Born 1775, James Moffat was a British engraver in India. He arrived in Calcutta in 1789 and trained as an engraver there. He was one of the many 18th century soldiers and travelers from Britain that began sketching detailed landscapes of the country. 

Read More

The Twelve Caesars : Suetonius

De Vita Caesarum or the Twelve Caesars was originally written in 121 AD by Gaius Suetonius Tranquillus. More commonly known as Suetonius, he was the secretary to Hadrian the Emperor in the Roman Empire. He dedicated this book to his friend Gaius Septicius Clarus, a prefect of the Praetorian Guard in 119.

Read More

Orign of Black Hole of Calcutta

The Scots Magazine is one of the only copies of an 18th-century publication that contains a first-person account of the imprisonment of the British in the infamous Black Hole of Calcutta in Fort William. 

Read More

India’s Wildlife and Shikar Culture

India is a country that has had a rich history of hunting. With an abundance of animals and land, big game hunting was very popular and considered to be an elite sport.

Read More

An Account of East India Affairs

The London Chronicle, Vol II, No. 3346 from Tuesday, April 9 to Thursday, April 11, 1782, discusses the state of affairs in India as told by the East India Company at the House of Commons. 

Read More

Henry Singleton's Art In India

Henry Singleton first rose to prominence as a contemporary history painter in a family that was known best for their miniature artworks. Born into an artistic family, Henry Singleton was raised by uncle William Singleton who painted portraits and miniatures. Although he dabbled in miniatures as well, his well-known works were portraits and historic paintings.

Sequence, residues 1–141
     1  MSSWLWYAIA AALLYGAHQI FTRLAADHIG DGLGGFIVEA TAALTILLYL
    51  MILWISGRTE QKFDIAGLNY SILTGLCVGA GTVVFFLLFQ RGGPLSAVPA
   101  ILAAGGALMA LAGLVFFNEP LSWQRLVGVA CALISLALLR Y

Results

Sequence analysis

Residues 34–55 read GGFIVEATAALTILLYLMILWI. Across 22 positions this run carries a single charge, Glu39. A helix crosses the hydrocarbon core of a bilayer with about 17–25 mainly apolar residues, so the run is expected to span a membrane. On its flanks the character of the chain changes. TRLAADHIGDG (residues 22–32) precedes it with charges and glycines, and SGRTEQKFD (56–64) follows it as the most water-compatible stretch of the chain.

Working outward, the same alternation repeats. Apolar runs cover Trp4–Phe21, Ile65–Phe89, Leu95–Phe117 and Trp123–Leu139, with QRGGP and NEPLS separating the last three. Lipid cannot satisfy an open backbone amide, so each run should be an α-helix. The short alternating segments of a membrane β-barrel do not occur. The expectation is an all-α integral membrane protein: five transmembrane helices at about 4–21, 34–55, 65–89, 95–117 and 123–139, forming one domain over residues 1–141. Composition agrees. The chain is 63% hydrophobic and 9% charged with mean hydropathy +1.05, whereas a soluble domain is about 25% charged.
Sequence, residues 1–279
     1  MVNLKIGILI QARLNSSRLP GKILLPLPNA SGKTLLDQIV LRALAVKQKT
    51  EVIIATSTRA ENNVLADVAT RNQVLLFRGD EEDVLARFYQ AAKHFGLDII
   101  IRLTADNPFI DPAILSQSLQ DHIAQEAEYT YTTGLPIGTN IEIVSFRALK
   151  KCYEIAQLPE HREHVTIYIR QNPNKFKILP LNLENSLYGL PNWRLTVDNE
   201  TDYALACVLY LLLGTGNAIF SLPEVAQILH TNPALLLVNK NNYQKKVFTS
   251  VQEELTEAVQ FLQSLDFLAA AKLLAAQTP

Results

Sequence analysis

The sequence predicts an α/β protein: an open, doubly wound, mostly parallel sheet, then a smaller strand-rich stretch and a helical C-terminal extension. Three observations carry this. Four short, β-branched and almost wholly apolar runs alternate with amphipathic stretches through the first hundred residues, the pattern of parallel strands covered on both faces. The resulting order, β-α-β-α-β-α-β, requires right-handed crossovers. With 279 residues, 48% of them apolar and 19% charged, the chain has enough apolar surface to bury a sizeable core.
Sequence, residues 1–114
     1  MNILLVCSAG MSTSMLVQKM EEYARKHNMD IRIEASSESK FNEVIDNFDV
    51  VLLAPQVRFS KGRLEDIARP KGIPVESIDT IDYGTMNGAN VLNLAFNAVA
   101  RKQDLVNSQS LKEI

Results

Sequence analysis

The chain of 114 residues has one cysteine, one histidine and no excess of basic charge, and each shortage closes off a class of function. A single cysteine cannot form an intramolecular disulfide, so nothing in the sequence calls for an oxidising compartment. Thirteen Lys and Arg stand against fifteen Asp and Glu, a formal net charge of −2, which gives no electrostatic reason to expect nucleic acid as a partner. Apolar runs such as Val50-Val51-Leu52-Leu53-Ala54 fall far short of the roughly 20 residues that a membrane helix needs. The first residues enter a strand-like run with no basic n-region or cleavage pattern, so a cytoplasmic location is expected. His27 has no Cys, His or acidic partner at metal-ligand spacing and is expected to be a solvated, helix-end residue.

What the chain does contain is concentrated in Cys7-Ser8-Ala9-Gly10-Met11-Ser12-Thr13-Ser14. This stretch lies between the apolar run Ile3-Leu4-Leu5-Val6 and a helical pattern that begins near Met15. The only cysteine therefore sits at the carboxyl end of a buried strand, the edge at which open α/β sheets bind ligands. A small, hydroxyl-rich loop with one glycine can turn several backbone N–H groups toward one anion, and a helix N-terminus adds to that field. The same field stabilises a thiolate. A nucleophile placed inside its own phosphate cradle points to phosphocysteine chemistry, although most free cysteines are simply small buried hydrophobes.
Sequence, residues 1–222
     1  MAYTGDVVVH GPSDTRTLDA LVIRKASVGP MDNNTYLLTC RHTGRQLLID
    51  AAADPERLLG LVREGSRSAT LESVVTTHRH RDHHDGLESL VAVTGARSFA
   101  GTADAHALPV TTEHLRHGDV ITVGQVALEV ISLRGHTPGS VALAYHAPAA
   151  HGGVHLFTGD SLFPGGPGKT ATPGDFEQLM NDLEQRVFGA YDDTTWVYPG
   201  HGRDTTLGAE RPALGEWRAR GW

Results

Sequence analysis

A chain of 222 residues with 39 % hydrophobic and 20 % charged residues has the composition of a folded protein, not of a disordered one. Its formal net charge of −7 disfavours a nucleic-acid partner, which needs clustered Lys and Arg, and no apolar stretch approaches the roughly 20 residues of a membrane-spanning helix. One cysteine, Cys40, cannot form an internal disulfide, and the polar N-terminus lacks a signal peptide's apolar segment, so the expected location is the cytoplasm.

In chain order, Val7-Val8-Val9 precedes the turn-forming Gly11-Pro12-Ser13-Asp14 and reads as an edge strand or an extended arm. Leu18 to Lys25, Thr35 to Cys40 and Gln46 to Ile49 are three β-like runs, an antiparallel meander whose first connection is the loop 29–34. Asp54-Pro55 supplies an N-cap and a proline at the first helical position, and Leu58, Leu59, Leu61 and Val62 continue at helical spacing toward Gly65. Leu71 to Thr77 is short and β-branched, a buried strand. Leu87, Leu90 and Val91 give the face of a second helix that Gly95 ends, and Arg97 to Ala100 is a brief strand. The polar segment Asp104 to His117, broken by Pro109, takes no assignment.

Read More

Rembrandt and his Mughal Art

Rembrandt Harmnenszoon van Rijn was a Dutch artist who became well known for his artworks that demonstrated realism with the use of light and shadow. Anyone who is interested in art history would know that Rembrandt was a great artist. Not only did he became well known in the Dutch Golden Age but he continues to well respected all over the world today.

Read More

Manu Parekh: Bhagalpur blinding

Manu Parekh was born in 1939 in Gujarat. Parekh completed a Diploma in Drawing and Painting from the Sir J.J. School of Art, Mumbai, in 1962. Parekh’s early work explored the relationships between man and nature, as he thought that it was an energetic link that had to be celebrated.

Read More

Souza and Husain in the 1940s

Although the first exhibition of the Progressive Artists Group was held in 1949, the group formally came into existence on December 15, 1947.

Read More

Evolution of Photography in India

The camera officially reached India in 1855. However, it was not until much later that it was picked up as a career or even an alternative kind of artform.

Read More

Somnath Hore’s Pictorial Language

Born in 1921 in Chittagong, undivided India, Somnath Hore studied at the Government Art College in Calcutta. His works represent the turbulent lives at the time of the Bengal Famine of 1943. His pictorial language in his sketches, sculptures, and prints is a reaction to one of the major crises that hit Bengal in the 20th century.